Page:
People have different tastes when it comes to selecting serveware. Some like sleek, modern shapes. Others prefer traditional pieces, perhaps inherited. Some are platter people. Others get giddy over olive boats or cupcake stands.
Whatever the style, serveware adds style to the tabletop. It keeps food moving at a family meal – pass to the right! – and people moving in the buffet line. Some items double as decorative pieces year-round; others come out only at holiday time.
This fall, we’re seeing plenty of muted metallic finishes, interesting textures and fun shapes – an olive tray shaped like a bean pod, perhaps.
Still, the dishes’ main function is to contain and serve. The gravy, after all, has to go somewhere.
As for the serveware we need most – especially with the approaching holidays?
“There are some really basic pieces that are important, and platters are definitely one of them. You want to have various sizes and shapes,” said Deanna Myers, owner of Blue Hill Kitchen & Home, 1374 Hertel Ave.
Second on her list would be bowls – again in different sizes to hold condiments and fruit, pastas and popcorn.
“To round out the basics, pedestal plates or cake plates are fantastic – for two reasons. They’re not just for cakes. You can pile appetizers, cookies or small bites on them, and you can build them into tiers,” Myers said.
These, too, come in assorted sizes, so smaller pedestal plates can go on top of larger ones.
“That adds height to the table, which is really nice, and also gives you room to serve other things,” she said.
Also on her list: pitchers in different sizes and patterns. They’re great for beverages – it’s always nice to have a pitcher of water set out during meals – but they also can stand in for vases for informal flower arrangements.
That’s what’s handy about so many of these pieces; they’re multifunctional. Small bowls can be used to float roses or gerbera daisies on a table during a dinner party, for example. Trays can be where you toss mail in the front hall or display perfume bottles on a dressing table.
Not surprisingly, some items quickly become personal favorites. For Janet Wetter, it’s a small sterling silver pitcher with a thick, solid red, glass insert. She and her husband spotted it years ago while visiting an antiques shop in Westfield.
“We must have seen it around Thanksgiving time, and I decided I was going to buy it for him for Christmas. My parents were visiting so we drove back down to Westfield – in a blizzard. I remember just white-knuckling it down the Thruway,” said Wetter, a retired interior designer who now works for Western New York Heritage Magazine.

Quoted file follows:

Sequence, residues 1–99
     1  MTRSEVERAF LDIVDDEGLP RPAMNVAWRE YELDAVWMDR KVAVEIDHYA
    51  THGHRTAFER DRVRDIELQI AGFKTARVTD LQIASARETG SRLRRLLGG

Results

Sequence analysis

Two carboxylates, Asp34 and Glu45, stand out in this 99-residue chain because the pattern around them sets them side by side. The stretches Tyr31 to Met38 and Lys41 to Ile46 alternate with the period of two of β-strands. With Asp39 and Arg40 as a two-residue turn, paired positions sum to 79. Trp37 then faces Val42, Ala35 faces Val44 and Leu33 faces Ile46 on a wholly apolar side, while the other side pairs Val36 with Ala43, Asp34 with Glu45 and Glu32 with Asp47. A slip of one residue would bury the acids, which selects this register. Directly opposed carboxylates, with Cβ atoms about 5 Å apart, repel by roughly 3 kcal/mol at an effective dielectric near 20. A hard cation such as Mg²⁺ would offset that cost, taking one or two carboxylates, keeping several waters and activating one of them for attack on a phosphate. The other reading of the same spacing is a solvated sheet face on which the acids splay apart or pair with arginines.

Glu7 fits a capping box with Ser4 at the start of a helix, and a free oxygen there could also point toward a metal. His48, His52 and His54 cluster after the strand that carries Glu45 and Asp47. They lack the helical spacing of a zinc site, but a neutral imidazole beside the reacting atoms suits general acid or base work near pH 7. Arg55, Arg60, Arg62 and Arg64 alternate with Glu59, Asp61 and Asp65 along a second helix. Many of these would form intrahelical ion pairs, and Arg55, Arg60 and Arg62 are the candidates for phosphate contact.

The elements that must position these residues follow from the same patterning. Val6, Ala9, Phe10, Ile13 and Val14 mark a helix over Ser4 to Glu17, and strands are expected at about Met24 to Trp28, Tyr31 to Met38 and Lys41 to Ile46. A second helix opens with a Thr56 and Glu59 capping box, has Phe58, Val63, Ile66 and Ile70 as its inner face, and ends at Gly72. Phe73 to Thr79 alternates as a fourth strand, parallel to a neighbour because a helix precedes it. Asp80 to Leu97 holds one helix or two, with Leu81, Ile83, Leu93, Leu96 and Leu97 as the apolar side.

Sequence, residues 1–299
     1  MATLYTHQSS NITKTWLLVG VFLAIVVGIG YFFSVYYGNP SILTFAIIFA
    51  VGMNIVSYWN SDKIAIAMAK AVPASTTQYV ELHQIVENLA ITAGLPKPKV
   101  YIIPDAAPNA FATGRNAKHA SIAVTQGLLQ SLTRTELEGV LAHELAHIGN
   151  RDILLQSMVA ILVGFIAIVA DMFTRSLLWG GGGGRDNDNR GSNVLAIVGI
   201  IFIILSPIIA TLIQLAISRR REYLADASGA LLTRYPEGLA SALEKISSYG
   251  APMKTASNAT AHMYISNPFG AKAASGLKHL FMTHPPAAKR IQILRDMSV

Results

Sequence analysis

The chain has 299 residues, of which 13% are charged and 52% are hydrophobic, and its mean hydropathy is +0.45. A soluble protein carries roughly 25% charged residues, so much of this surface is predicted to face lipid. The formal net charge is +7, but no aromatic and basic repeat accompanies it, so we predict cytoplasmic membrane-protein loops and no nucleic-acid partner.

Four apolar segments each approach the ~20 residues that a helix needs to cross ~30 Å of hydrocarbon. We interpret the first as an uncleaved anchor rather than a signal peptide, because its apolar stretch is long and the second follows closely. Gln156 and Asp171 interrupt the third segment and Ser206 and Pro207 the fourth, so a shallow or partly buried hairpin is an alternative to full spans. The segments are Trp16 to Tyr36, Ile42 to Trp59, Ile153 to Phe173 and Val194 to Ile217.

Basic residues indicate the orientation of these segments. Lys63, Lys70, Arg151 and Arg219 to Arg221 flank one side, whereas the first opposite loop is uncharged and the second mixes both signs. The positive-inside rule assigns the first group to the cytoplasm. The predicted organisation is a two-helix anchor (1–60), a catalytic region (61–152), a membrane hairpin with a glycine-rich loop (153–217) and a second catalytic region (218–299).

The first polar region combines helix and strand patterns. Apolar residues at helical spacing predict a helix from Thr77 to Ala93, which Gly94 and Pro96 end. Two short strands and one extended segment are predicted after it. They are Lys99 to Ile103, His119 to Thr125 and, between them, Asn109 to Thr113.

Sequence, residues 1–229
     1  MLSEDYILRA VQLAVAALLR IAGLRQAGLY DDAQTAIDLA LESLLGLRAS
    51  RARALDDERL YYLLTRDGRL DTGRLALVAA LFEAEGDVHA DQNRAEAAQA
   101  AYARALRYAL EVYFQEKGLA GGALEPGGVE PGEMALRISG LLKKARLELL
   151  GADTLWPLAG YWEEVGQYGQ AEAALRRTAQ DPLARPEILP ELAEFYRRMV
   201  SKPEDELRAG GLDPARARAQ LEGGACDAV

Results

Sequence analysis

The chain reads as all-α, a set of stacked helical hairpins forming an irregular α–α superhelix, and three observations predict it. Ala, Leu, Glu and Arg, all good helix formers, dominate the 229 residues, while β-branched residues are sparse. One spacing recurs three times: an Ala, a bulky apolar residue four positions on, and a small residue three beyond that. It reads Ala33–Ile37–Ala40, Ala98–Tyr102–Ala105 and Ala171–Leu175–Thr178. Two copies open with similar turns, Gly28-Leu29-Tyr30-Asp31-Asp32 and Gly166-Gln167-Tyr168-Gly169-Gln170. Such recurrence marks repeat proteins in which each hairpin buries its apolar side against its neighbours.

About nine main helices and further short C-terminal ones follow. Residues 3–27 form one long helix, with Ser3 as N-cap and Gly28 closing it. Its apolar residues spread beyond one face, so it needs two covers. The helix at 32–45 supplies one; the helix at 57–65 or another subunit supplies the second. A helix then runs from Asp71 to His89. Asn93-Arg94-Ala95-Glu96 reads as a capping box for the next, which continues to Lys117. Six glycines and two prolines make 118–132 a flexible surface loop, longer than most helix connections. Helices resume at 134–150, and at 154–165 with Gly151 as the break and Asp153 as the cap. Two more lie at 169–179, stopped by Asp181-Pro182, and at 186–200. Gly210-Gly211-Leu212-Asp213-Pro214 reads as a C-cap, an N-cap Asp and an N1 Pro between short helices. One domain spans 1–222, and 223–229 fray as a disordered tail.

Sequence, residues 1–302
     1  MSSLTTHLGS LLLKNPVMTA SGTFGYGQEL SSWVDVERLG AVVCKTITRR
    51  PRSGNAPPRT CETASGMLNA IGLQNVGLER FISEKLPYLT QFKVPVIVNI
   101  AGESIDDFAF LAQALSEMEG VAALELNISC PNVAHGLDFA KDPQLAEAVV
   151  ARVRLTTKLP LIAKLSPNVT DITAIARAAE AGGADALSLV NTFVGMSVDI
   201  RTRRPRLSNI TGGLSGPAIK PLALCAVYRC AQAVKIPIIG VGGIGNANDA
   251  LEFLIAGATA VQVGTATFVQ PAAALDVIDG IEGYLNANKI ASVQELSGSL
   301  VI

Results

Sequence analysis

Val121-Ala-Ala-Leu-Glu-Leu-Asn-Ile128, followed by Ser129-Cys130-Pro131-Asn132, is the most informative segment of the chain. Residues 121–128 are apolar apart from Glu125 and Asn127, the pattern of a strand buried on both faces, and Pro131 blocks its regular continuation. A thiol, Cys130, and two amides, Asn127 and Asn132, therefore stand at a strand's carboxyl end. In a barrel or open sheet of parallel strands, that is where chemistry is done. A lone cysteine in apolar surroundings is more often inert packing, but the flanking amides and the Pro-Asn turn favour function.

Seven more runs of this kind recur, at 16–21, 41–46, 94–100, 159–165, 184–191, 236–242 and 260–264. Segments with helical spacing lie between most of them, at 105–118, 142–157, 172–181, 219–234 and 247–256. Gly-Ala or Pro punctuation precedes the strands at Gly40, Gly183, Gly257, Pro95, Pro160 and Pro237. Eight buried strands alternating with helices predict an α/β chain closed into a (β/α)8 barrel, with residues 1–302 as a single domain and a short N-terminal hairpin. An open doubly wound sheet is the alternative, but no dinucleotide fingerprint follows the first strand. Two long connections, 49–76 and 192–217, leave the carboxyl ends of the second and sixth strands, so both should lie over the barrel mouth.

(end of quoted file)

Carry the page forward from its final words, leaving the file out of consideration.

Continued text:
Years later, the pitcher still comes out at Christmas time to hold cream or a dessert sauce – and to recall memories of the journey to retrieve it.
Sentiment is found in other pieces as well. Wetter said that several of their inherited dishes come with the names of the original owners.
“It’s ‘Dad’s nut dish’ and ‘Aunt Margaret’s celery dish.’ They all have their own name – and we know what each one is,” she said.
As for building or adding to one’s collection, Myers offered this tip:
Your serving platters, bowls and other pieces do not have to match your dinnerware.
Her general rule: “If your dinnerware is patterned, then you may want to look for solids in your serving pieces – either colored or white. Or the reverse: If you have white ware, you can mix in serving pieces that are colored or patterned or in different textures.”
Depending on how much serveware you do own, you want to have some of those pieces matching.
“Think of it as a wardrobe for the table. You want to have some really good basics – in basic colors – and then you can throw in accessory pieces that would be like your scarves or your purses where it’s going to be different. You can blend them in that way for a little more interest,” she said.
Nor do you want to buy all your serveware at once.
“Build your collection around how you entertain. Buy it piece by piece so it’s not so overwhelming,” Myers said.
Remember, too, that some of today’s serveware goes from oven to table, if that is important to you.
Looking for other tips for collecting serveware to use at the table and in your home? In her book “The Art of the Table: A Complete Guide to Table Setting, Table Manners and Tableware,” Suzanne Von Drachenfels provides a comprehensive list of what she considers a basic set of serveware. Dig in!
• Large oval platter to serve a roast.
• Small oval platter for chops or fish.
• Deep bowl (about 5 to 6 inches deep) to serve soft foods, fruit salad and deep-dish pie.
• Shallow bowl, (about 1 inch deep) to hold firm vegetables, fruit, rolls, crackers and cheese.
• Small bowl for cold sauce, dips, nuts and candy.
• Sauce boat for gravy and hot sauces.
• Medium-size pitcher for syrup, gravy, sauce or honey.
• Large pitcher to serve water and other beverages.
• Beverage pot for coffee, tea, hot chocolate.
• Creamer for cream as well as salad dressing, dessert topping, gravy and sauces.
• Covered sugar bowl that doubles for condiments, jam, nuts, sauce or dips.
She also recommends for informal meals, for 8 to 10 people, duplicate pieces of serveware, such as bread baskets or sauce boats, so you can place them at either end of the table and guests can easily help themselves.
Dinner is served.